my station and its duties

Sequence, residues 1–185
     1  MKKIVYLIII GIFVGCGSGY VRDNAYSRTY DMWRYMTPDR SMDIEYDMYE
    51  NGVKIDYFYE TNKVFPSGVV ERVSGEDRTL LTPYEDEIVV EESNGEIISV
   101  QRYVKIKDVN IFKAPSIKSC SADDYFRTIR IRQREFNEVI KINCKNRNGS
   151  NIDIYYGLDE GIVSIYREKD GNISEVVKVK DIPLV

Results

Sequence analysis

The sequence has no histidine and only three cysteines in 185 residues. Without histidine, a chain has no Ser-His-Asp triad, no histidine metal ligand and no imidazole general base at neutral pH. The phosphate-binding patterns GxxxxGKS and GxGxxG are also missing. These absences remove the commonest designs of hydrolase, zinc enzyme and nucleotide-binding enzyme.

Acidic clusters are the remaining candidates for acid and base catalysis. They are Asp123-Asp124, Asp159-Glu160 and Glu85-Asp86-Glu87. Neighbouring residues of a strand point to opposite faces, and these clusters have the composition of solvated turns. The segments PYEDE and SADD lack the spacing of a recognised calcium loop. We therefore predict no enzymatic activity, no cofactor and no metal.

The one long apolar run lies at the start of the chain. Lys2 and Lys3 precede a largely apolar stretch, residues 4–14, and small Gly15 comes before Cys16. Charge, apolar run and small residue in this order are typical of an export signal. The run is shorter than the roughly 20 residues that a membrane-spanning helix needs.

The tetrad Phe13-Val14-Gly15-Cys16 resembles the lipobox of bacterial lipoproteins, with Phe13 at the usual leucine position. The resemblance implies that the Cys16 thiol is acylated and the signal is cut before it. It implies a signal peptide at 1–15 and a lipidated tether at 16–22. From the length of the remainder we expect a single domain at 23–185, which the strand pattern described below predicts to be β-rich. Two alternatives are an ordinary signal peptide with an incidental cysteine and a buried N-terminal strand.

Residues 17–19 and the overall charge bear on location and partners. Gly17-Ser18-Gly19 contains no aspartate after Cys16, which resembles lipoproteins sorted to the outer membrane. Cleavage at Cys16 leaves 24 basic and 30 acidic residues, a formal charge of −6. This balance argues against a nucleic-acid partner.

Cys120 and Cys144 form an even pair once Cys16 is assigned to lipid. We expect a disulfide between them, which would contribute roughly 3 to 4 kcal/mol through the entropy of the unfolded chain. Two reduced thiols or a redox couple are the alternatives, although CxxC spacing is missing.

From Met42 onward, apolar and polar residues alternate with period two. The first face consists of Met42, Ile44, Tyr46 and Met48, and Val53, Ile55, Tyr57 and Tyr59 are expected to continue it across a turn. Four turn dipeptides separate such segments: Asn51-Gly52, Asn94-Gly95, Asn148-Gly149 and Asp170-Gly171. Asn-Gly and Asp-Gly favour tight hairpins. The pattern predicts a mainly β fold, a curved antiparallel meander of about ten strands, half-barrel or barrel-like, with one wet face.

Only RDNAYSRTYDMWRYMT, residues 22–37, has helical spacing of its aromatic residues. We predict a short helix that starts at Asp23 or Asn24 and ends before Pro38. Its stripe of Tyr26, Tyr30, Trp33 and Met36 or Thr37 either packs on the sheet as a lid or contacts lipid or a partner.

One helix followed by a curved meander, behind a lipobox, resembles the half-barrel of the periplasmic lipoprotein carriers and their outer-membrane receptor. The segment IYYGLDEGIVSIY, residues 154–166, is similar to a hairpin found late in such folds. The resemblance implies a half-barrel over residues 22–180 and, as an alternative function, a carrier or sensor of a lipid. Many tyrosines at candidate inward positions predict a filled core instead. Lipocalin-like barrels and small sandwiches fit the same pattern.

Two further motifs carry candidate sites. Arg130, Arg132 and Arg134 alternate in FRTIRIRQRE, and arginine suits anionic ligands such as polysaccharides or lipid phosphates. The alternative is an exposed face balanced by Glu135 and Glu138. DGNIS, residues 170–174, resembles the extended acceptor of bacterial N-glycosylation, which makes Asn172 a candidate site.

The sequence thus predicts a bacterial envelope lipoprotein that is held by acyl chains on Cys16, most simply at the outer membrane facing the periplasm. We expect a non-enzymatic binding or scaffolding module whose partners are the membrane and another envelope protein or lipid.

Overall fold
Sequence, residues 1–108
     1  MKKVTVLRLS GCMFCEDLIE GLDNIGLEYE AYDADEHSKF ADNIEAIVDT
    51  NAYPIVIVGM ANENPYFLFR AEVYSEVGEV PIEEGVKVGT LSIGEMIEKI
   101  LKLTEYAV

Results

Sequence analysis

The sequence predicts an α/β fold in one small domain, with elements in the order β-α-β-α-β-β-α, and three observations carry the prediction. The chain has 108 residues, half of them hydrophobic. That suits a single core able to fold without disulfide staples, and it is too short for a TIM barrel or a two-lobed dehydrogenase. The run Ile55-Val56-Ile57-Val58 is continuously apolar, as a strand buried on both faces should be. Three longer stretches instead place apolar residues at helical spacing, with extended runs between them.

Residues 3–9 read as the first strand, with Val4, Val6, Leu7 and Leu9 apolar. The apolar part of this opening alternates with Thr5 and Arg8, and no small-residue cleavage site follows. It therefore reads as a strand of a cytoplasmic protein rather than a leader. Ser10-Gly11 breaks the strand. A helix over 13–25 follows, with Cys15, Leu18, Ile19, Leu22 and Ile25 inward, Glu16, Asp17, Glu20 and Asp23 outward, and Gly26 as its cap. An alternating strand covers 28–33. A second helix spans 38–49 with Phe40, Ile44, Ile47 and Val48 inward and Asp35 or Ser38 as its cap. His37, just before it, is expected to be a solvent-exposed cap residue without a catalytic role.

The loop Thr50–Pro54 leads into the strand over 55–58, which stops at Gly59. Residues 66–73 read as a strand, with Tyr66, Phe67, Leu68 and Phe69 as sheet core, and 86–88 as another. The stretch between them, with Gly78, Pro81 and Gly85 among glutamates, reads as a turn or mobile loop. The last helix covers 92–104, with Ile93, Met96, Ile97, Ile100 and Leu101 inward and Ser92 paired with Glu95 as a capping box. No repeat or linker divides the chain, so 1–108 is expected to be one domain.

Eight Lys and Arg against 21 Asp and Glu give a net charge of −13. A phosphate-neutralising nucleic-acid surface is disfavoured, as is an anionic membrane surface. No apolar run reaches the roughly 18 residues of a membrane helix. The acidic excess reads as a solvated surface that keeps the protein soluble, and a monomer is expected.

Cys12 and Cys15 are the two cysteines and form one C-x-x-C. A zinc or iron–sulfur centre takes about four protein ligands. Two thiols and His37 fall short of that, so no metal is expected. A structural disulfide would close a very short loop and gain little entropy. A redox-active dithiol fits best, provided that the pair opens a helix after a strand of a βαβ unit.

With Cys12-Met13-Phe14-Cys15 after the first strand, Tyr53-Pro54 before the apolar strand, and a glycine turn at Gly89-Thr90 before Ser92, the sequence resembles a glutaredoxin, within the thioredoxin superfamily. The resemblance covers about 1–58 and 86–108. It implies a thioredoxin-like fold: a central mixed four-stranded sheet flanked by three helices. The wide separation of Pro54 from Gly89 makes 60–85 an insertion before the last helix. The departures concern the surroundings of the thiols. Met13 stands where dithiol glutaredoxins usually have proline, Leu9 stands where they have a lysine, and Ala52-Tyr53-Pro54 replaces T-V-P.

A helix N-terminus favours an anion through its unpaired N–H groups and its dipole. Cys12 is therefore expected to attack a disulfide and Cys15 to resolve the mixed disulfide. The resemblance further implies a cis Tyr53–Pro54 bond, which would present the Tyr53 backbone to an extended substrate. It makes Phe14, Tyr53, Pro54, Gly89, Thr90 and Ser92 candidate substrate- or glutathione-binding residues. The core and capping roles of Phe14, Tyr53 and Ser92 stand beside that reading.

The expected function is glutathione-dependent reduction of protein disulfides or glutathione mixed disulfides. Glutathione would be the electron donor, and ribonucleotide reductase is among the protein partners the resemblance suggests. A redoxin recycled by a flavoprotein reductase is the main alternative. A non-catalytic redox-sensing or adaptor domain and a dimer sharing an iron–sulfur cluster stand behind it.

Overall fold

Skelton On Sidgwick’s “My Station and Its Duties” 187. Stoics Arts & Humanities. Common morality is a stage of the development of human spirit towards true Morality. Harmondsworth: Allen Lane. As a member of society where honour killing is a traditional way of purifying the family, a parent knows what he is expected to do and why; he knows his duty, and he knows that he is justified by the long history of his society and its values. The theory’s limitations consist in the reduction of morality to existing social institutions: “We have thus seen the community to be the real moral idea, to be stronger than the theories and the practice of its members against it, and to give us self-realization. F.H. The distinction between social and moral points of view is straightforward in Bradley (1999), where he opposes social organism to morality: “Self-realization covers everything. Third, the reduction of moral norms to custom and law is erroneous, since “[a] man can not take his morality simply from the moral world he is in, for many reasons” (ES, 204). Candlish suggests that Bradley, acknowledging its problems, accepts the MSID theory, as it overcomes the gap between ought and is, while believing that this resolution is incomplete (1978, pp. Ethical Idealism. From within social morality, there is no way of thinking that social practices, norms, and demands are corrupt. Box 24, 00014, Helsinki, Finland, You can also search for this author in Oxford: Clarendon Press. … Hence, not existing for the organism, it does not exist for me […] though bad habits cling to and even arise in me, yet I can not but be aware myself as the reality of the good will. Oxford: Clarendon Press. Bradley [Book Review]. ), Ethics, metaphysics and religion in the thought of F.H. Below I list the most important of them, accompanied, where possible, by counter statements from ES. Bradley Studies Vol. View this article's JSTOR metadata. MY STATION AND ITS DUTIES* In taking this opportunity, which your committee has given me, of addressing the London Ethical Society, in the honor- able but gravely responsible position of their president, I have thought that I could best fulfil the duties of my station by laying before you one or two difficulties which have occurred to my mind, in thinking how we are to realize the declared aims of our … Both Pincoffs and Bradley understand virtues and duties as functional in respect of the common good of the social order. In terms of the more recent debates aboutLiberal neutralit… Norman, R. (1983). Anyone who accepts the MSID normative and moral theses is bound to think that, at least when justified by custom, they are good. In A. Manser & G. Stock (Eds. The acceptability of these values is independent of one’s preferences and one’s belonging to any group or institution. Many, e.g., Nicholson (1990) and Keene (2009), presuppose that the first element of the moral ideal is based on bottom-up idealization. Australian Journal of Philosophy, 56, 155-70. This means that they cannot be truly universalized and do not apply to everyone in the same way. 80-81, n. 38). The person relates the human ideal to the specific condition of her life, her relationship with others, the ideas about human excellence common for her time, as well as her intellectual and aesthetical aspirations. The moral point of view is not supplemented by the ideal; it is the ideal point of view. This chapter considers the idea of ‘my station and its duties’ as it figures in the work of T. H. Green and F. H. Bradley, who pioneered its significance. are conditional upon the existence of social institutions. Candlish (1978) and Irwin (2009) emphasize the self-realization part. In an essay written over a century ago the philosopher F.H. Next! “The Interplay of Bradley’s Social and Moral Philosophy”. In G. LaFrance (Ed. It engages with Sidgwick's remarks on the kind of ethical expertise that the moral philosopher possesses and on his approach to practical ethics generally. To troubleshoot, please check our Bradley, J. My Station and Its Duties Hardcover – December 31, 1846 by By The Author Of "The Last Day Of The Week" (Author) And Did Kant Think It Does? They are non-universalizable and, therefore, non-morally normative commands, or social commands (Stern 2013), justified by the customs that I accept. 129-130 n. 1). I am thankful to Timo Airaksinen, William Mander, Elizabeth Frazer, Peter Nicholson, and James Connelly for their comments on the drafts of this paper. The chief engineer oversees the technical elements of the broadcast. Second, the reduction of the moral community to existing social communities is unjustified: [I]f we accept … the fact that the essence of a man involves identity with others,Footnote 21 the question what the final reality of that identity is, is still left unanswered: we should still have to ask what is the higher whole in which the individual is a function, and in which the relative wholes subsist, and to inquire whether that community is, or can be, a visible community at all. Lewiston, New York: Edwin Mellen Press. E.g., Wollheim (1969), Nicholson (1990), and Keene (2009) do not differentiate between (b) and (d) as they claim that the moral ideal includes existing social duties. If you think you should have access to this title, please contact your librarian. According to Wollheim, Bradley offers an “extended” MSID theory, according to which “[t]he first and … most important contribution [to the good self] comes from one’s station and its duties” (1969, 246–47). Princeton: Princeton University Press. Ethical Studies: Selected Studies. Note, Bradley does not say that one must not obey when the society is in a rotten state. The moral ideal is a personalized ideal: one can only adopt an ideal point of view from her own perspective. My argument relies on a detailed analysis of “my station and its duties”. Wright, C. (1984). Bradley, F.H. Ideals and Illusions. an analysis of the term that spells out its specific theses and claims, explains connections between them, and specifies Bradley’s position towards them. Vol. The problem with social expectations is that they are not truly universalizable, but only in a culture-relative or contextual way: everyone belonging to the same culture (i.e., accepting the same set of institutional facts as values) must have the same set of tasks when occupying the same social role. At this point, the MSID theory may seem (Bradley accepts it only for the sake of argument) to avoid these mistakes; it gives an illusion of offering an account of the self that is both “specified” and “universalizable”. Candlish, S. (1978). My station and its duties ([Youth's library) [Cheap, Eliza] on Amazon.com. Together they form a unique fingerprint. For example, the society may be in a corrupt state or, as history shows, just bad and, thus, its demands may be bad as well. One must be able to connect specific social requirements with the values by which the given society justifies the requirements (internal values), and then be able to compare this value to another value, which is independent from the normative code of her society (external values). The ideal thesis that holds that morality consists of the realization of the self, identified with the moral ideal. Published to Oxford Scholarship Online: November 2015, DOI: 10.1093/acprof:oso/9780198722298.001.0001, PRINTED FROM OXFORD SCHOLARSHIP ONLINE (oxford.universitypressscholarship.com). By F.H. N. Boyle, L. Disley, I. Coper (Eds. The moral goal is the identification with and “the realization of the good will which is superior to ourselves” (ES, 162). Moreover, the state may be in “a confused or rotten condition, so that right and might do not always go together” (ES, 204). If my interpretation is valid, then the important—albeit latent—message that Bradley tries to give us with his confusing analyses of “my station and its duties” is: any demand that others put on us in virtue of our relations to them can be regarded as a moral demand when it is justified from the ideal point of view. (1981). Here are the most important of his reasons. 100-1), James Bradley suggests that the MSID theory, which “represents the first theoretical elaboration of the nascent vocational ethic of service which went hand-in hand with the newly emergent ‘professions’” and is based on “the ethical self-definition of the expanding professional middle-classes in order to secure … the ‘organic’ interpretation of self and society” is “condemned” in ES, inter alia, because Bradley “finds it impossible ethically to legitimate any prevailing social order” (1996, pp. Note another implication of Bradley’s words: if one judges that a particular social demand is bad, one ought not to perform this act, despite its being one’s positional duty. New York, Oxford University Press. He temporarily adopts the point of view he is discussing, writing as if he has already accepted it. Bell, D. (1984). The good news is that, due to the work of Wollheim (1969, 1962), Candlish (1978), and Nicholson (1990), the vulgar view (e.g., Rashdall 1907, Sabine 1915, Santayana 1933, Stebbing 1948, Krook 1959) identifying Bradley’s moral views with the theory that he describes as “my station and its duties” is no longer accepted,Footnote 5 and Bradley’s connection with conservativismFootnote 6 and communitarianism,Footnote 7 if not dismissed, is no longer taken for granted. This is done for the sake of argument. He wasthe fourth child and eldest surviving son of Charles Bradley, aprominent Evangelical preacher, and his second wife, Emma Linton. FAQs Oxford: Oxford University Press. Bradley is warning that we should not follow social commands unreflectively; otherwise, we risk doing something that is morally wrong. Mander, W.J. Banchetti, M. (1992). A worry about corruptness must be motivated by considerations other than those of social morality. You could not be signed in, please check and try again. London: Palgrave-Macmillan. For the MSID theory, there is no difference between morality and politics: “Personal morality and political and social institutions can not exist apart” (ES, 188). ES, 173); Social ontology: only relationships between people are real; therefore, only social unities (family, society, and the state) are facts (ES, 163-74); Cultural relativism: it is a fact that some cultures accept moral beliefs that conflict with those of other cultures (ES, 189).Footnote 13, II. Even though these works direct the reading of ES in a more productive and faithful direction, they still lack an analytical interpretation and thorough, detailed, explanation of “my station and its duties”, i.e. Bradley’s message is that “the actual sphere of the objective world of station and duty” must be “amended by the ideals of its own improvement that grow out of itself, and… supplemented by non-social ideals” (Nicholson 1990, pp. (i) Sittlichkeit. MY STATION AND ITS DUTIES have relations to, and duties to, others just as human beings; and this is a community which is not â a visible communityâ .24 Bradley has not been a particularly inï¬ uential moral philosopher. First, in response to the objection that MSID theory entails moral relativism (ES, 189-193),Footnote 20 Bradley distinguishes between institutionalised social norms, which he also calls “ordinary morality” (ES, 226) or “common social morality”, and true “Morality” (ES, 191). Banchetti (1992) explores Hegelian overtones in the doctrine of MSID. F.H. On Bradley and communitarianism see, e.g., Simmons (2001, pp. Fingerprint Dive into the research topics of 'My station and its duties: Ideals and the social embeddedness of virtue'. Ideal Arts & Humanities. Such values refer to the historical facts, practices, and beliefs of people belonging to the specific society or institution, and thus are institutional facts. - 220.127.116.11. Maintyre, A. In my interpretation, Bradley suggests that it is the sanction of the moral ideal that makes a social requirement an obligation. The concept of religion in ES and its relation to morality is a topic for separate research. utilitarianism, or the view that identifies “my station and its duties” as expressive of Bradley’s ultimate position.11 8 Although Richard Wollheim recognises this point, and has persistently drawn attention to it, it strikes one as strange that he nevertheless characterises Bradley as merely negative thinker in … On ES in connection to the idea of human nature and perfectionism, see Hurka (1993). 1. Public users can however freely search the site and view the abstracts and keywords for each book and chapter. (Ed.) Sparked by Sidgwick’s review of ES (1876), the vulgar view gained popularity, as Keene (2009) suggests, due to Ross’s (1951) edition of ES without Essays VI-VII. . Marina Paola Banchetti - 1992 - Idealistic Studies 22 (1):11-27. Keene (2009) relates Bradley’s social and moral philosophy. I will reconstruct Bradley’s exposition of the MSID theory (Sect. Bradley’s Moral Psychology. 1&2, 65-87. What is the ideal point of view? … That a moral world, being in a state of historical development, is not and can not be self-consistent; and the man must thus stand before and above inconsistencies, and reflect on them. (1990). I will be arguing that we are not, that Bradley distinguishes moral from social norms, and believes that performing a positional duty may be morally wrong. Bradley’s style is to blame for this: he uses the same phrase “my station and its duties”Footnote 1 to denote different theses throughout Ethical Studies (ES) (1962). According to Ilodigwe, Bradley introduces the ideal “in terms of which the legitimate demands of these varied regions of the self [empirical, transcendental, and social] are realised” and denies that “the realisation of the social self necessarily [is] the realisation of the ideal self, except the social self is in conformity with its ideal self” (2004, p. 68).Footnote 12. a possible world in which reality is a complete expression of the value. More specifically, there are two important aspects of moral obligation. (iii) Religion. (1951). It is most usually assumed that in tying obligations to social roles, the British Idealists were offering what the chapter calls an identificatory account of obligation: that is, acting in a certain way has an obligatory force because it relates to a role which constitutes your identity. I will be on the road tomorrow, heading from my parents' home to my home. ), The Moral, Social and Political Philosophy of the British Idealists. Bradley, F.H. Bradley gives little (if any) explanation. 10, Nos. I support my interpretation by showing that Bradley places the ideal point of view higher than the social and requires that what society demands from us is evaluated from that higher point of view. Bradley, Ethical Studies, and Dialectic: Self-Realisation and its Equivocations. She has to abandon the social point of view and evaluate social values from a higher point of view, ensuring that they are not morally reprehensible. Google Scholar. In F.H. The theory offers a secure and easy way of being regarded as good by removing responsibility for any act exceeding social expectation and making only one demand—to do our job. “Metaphysics and Ethics in Bradley’s Idealism”. The Development of Ethics. In W. Sweet (Ed. Many commentators seem to not distinguish between these four usages. Bradley. This is the stage of ideal morality. The latter I take to mean traditional beliefs about what is necessary for a successful performance of social roles together with corresponding social practices, which have been turned into a standard. My Station and its Duties. I. I suggest that “my station and its duties” is a rubric embracing a bundle of claims and theses: some Bradley accepts, some he denies; some are a part of the MSID theory, some belong to his critique of the MSID theory. Searle, J.R. (1995). Bradley tells us that the MSID theory denies the moral relevance of emotions, aspirations, desires and interests, as well as “visions of superhuman morality, … ideal societies, and … practical ‘ideals’ generally”. The Journal of Philosophy, Psychology and Scientific Methods, 21, 169-77. Here the station which is, is realized in me. Finally, according to the MSID theory, positional duties, while prescribing specific courses of action, depending on the occupied role, are in some sense universalizable (everyone having the same social roles as me would have the same duties). For Nicholson, Bradley, despite believing that the MSID theory cannot explain the content of our ideal selves, does not reject the MSID theory because it “supplies the larger, and the most important, part of [their] content” (1990, p. 33). Macintyre (1994) compares Bradley and Pincoff. This prevailing approach has a weakness. 3). Compare to the communitarian “normative independency thesis”, which holds that local social practices have an inherent ability to generate obligation (Simmons 2001, p. 81). This passage is crucial for understanding the relationship between positional duties and moral obligation in ES: It is necessary to remark that the community in which [the moral man] is a member may be in a confused or rotten condition, so that in it right and might do not always go together. This amounts to saying that my performing an act must not contradict the ideal of the person that I aspire to be. The Construction of Social Reality. Bradley, I believe, rejects most of MSID’s normative and descriptive claims, as well as its bottom-up thesis. He says one cannot obey blindly, because the society may be in a corrupt state. [Counter claims: morality cannot be reduced to norms of existing society (ES, 204) and moral goodness is a matter of correspondence to the ideal (ES, 205, 219). Moral Principles and Political Obligation. Babushkina, D. Bradley’s “my station and its duties” and its moral (in)significance. Bottom-up ideal thesis, according to which what ought to be is reduced to what is: the existing social order is the moral ideal (e.g., ES, 201). Believing that she is good just so long as she is performing her positional duties is a form of self-delusion or extreme faith. In order for Train Operating Companies such as South Eastern, CrossRail, EuroStar, Virgin Trains and West Coast Railways to operate effectively, their customer service must be the best it can be. Open Access This article is distributed under the terms of the Creative Commons Attribution 4.0 International License (http://creativecommons.org/licenses/by/4.0/), which permits unrestricted use, distribution, and reproduction in any medium, provided you give appropriate credit to the original author(s) and the source, provide a link to the Creative Commons license, and indicate if changes were made. Unit of Social and Moral Philosophy, Faculty of Social Sciences, University of Helsinki, Unioninkatu 40 A, P.O. Thanks, as always, for reading, for reviewing, and for PM-ing. My Station and Its Duties. The Theory of Good and Evil. The generic descriptive thesis that it is a matter of fact, supported by cultural and historical observations, that society has authority over an individual, determining what she is and, through laws and custom, dictating what she ought to do. Stebbing, L. (1948). It is because ‘my station and its duties’ teaches us to identify others and ourselves with the station we fill; to consider that as good, and by virtue of that to consider others and ourselves good too. Warnock, M. (1971). Timmons, M. (2002). ), Ethics and Basic Rights. Introduction. Brink (2007) points to problems with Bradley’s Essay V, demonstrating the difference between Green and Bradley. The moral self is defined in terms of social roles, having specific or “objective” duties that are prescribed by existing social institutions and justified by custom. What does it mean to assume an ideal point of view? Oxford: Clarendon Press. ), Ethics, Metaphysics and Religion in the Thought of F.H. contact us Second, moral obligation has a universal attribution: when a person has a moral obligation to perform a certain action, this means, inter alia, that anyone in the same situation would have the same obligation. This chapter considers the idea of ‘my station and its duties’ as it figures in the work of T. H. Green and F. H. Bradley, who pioneered its significance. The Moral Philosophers: An Introduction to Ethics. Determining whether our society is in a corrupt state involves evaluation, which must be conducted with reference to a normative system which is external to the evaluated normative system and subjects it. Nicholson, P.P. (2011). Perfectionism and the Common Good. Introducing the theory, Bradley sets out to examine the thirdFootnote 18 alternative account of moral personhood.Footnote 19 Hedonism (Essay III) and Kantianism (Essay VI) proved unsatisfactory: the former reduces the self to a bundle of sensations and cannot be universalized, while the latter reduces it to a principle which is too perfect to be realized (see ES, 160). The modern-day cop is equipped with a laptop computer, cell phone and cameras for collecting evidence--all devices that allow him to perform most duties from the patrol car. Wollheim, R. (1962). The marketing department makes sure the radio station is well publicized; its duties include initiating community events and partnerships. In W. J. Mander & S. Panagakou (Eds. For instance, the MSID theory derives the normative thesis (and specific claims about what one ought to do and which actions/persons are right/good) from the descriptive thesis (statements about a matter of fact) because the theory employs the bottom-up idealization (reducing what ought to be to what is). New York: Rowman & Littlefield. Ideal morality is “no longer relative to the societies in which we live”. Bradley’s Idealist Ethics. The Political Philosophy of the British Idealists. moral obligation, social roles, T. H. Green, F. H. Bradley, Hegelian ethics, social command. Bristol: Thoemmes. I will demonstrate that the relationship between positional duties and moral obligation in ES is properly approached via the normative concept of the moral ideal and the revised MSID thesis (Sects. The presentation of “my station and its duties” and its ethical implications in the secondary literature is hardly satisfactory. In their descriptive aspect, positional duties specify the content of my duty. Just the presence of a police station can make a community or neighborhood safer, regardless of what's inside it. Whatever is demanded from the person in the form of a positional duty is always justified, e.g., with a reference to a custom or value that is accepted by the majority. Zeitschrift für Ethik und Moralphilosophie My Station and Its Virtues. This rhetorical strategy allows the presentation of arguments as if they were coming from the doctrine’s adherent. 2) and that the correct approach should start with clarifying the multitude of theses and claims that the phrase refers to throughout Essays V‑VI (Sect. I have at least two reasons to think so: Bradley’s criticism of the reduction of ought to is, and what can be seen as an argumentum ad absurdum showing that accepting the MSID theory yields serious moral problems.